a devastating war on Aquitaine (Pepin the Short#Expansion of the Frankish realm) (Vasconia included) that was to have dire consequences on its population, towns and society. Waifer and his Basque troops confronted Pepin several times but were defeated thrice in 760, 762, and 766, after which Aquitaine and Vasconia pledged loyalty to Pepin and Waifer was eventually murdered by desperate followers, or possibly by someone bribed by Pepin. Carolingian duchy (769-864

Duchy of Aquitaine

Gothia (Septimania), Vasconia (Duchy of Vasconia) (Gascony) and the Carolingian possessions in Spain (Marca Hispanica) as well. In 806, Charlemagne planned to divide his empire between his sons. Louis received Provence and Burgundy (Burgundy (historical region)) as additions to his kingdom. When Louis succeeded Charlemagne as emperor in 814, he granted Aquitaine to his son Pepin I (Pepin I of Aquitaine), after whose death in 838 the nobility of Aquitaine chose his son Pepin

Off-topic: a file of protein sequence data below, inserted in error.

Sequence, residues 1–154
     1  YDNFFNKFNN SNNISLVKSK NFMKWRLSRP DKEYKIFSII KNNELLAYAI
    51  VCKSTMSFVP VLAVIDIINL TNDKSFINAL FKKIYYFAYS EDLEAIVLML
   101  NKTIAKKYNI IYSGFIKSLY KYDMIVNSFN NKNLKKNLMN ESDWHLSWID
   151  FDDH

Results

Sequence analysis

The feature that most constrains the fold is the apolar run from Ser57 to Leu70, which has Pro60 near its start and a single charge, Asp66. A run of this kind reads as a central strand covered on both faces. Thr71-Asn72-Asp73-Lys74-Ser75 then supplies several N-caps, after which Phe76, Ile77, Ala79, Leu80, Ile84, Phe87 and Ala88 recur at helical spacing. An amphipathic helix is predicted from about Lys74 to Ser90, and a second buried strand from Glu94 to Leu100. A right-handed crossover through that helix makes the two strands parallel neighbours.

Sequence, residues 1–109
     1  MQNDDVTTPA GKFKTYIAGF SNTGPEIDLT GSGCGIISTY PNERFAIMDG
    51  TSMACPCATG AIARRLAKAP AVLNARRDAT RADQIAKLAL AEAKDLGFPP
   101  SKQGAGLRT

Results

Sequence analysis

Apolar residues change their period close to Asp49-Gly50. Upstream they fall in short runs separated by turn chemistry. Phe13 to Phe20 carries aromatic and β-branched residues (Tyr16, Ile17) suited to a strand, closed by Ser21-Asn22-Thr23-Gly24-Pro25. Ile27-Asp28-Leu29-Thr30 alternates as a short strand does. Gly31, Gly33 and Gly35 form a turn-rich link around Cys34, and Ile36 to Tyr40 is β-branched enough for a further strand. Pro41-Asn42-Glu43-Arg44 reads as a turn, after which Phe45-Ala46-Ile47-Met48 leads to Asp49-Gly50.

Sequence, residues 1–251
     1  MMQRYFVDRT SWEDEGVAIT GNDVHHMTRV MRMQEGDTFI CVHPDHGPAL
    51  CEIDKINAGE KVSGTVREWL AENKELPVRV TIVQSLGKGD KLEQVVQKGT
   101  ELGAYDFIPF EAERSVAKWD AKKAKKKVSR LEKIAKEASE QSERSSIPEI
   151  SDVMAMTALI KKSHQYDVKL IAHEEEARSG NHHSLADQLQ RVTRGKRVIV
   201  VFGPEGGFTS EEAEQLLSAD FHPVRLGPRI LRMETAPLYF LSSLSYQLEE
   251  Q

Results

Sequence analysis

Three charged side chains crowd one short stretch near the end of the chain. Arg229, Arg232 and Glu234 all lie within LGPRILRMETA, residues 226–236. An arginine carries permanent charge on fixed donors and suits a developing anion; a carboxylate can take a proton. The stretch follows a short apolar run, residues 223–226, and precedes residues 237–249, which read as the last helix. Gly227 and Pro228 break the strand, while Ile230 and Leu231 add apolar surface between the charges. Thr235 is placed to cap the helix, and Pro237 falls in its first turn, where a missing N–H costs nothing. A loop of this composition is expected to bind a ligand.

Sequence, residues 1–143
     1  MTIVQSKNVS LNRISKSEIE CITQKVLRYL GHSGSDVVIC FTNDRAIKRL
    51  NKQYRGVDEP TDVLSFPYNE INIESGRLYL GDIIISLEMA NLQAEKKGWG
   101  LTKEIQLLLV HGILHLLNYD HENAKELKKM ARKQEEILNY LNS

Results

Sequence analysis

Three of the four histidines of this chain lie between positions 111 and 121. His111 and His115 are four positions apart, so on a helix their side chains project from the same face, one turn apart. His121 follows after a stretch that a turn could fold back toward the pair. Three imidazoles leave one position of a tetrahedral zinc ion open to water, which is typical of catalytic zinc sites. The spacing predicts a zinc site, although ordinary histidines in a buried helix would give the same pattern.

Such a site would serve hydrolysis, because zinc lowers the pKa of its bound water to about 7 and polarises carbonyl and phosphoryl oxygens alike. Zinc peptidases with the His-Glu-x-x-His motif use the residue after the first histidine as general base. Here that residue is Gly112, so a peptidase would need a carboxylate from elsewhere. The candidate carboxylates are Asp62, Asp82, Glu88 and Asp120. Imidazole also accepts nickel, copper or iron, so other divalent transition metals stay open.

II of Aquitaine (d. 865) as their king. The emperor Louis I, however, opposed this arrangement and gave the kingdom to his youngest son Charles, afterwards the emperor Charles the Bald. Confusion and conflict resulted, eventually falling in favor of Charles; although from 845 to 852 Pepin II was in possession of the kingdom, at Eastertide 848 in Limoges, the magnates and prelates of Aquitaine formally elected Charles as their king Later, at Orléans, he was anointed and crowned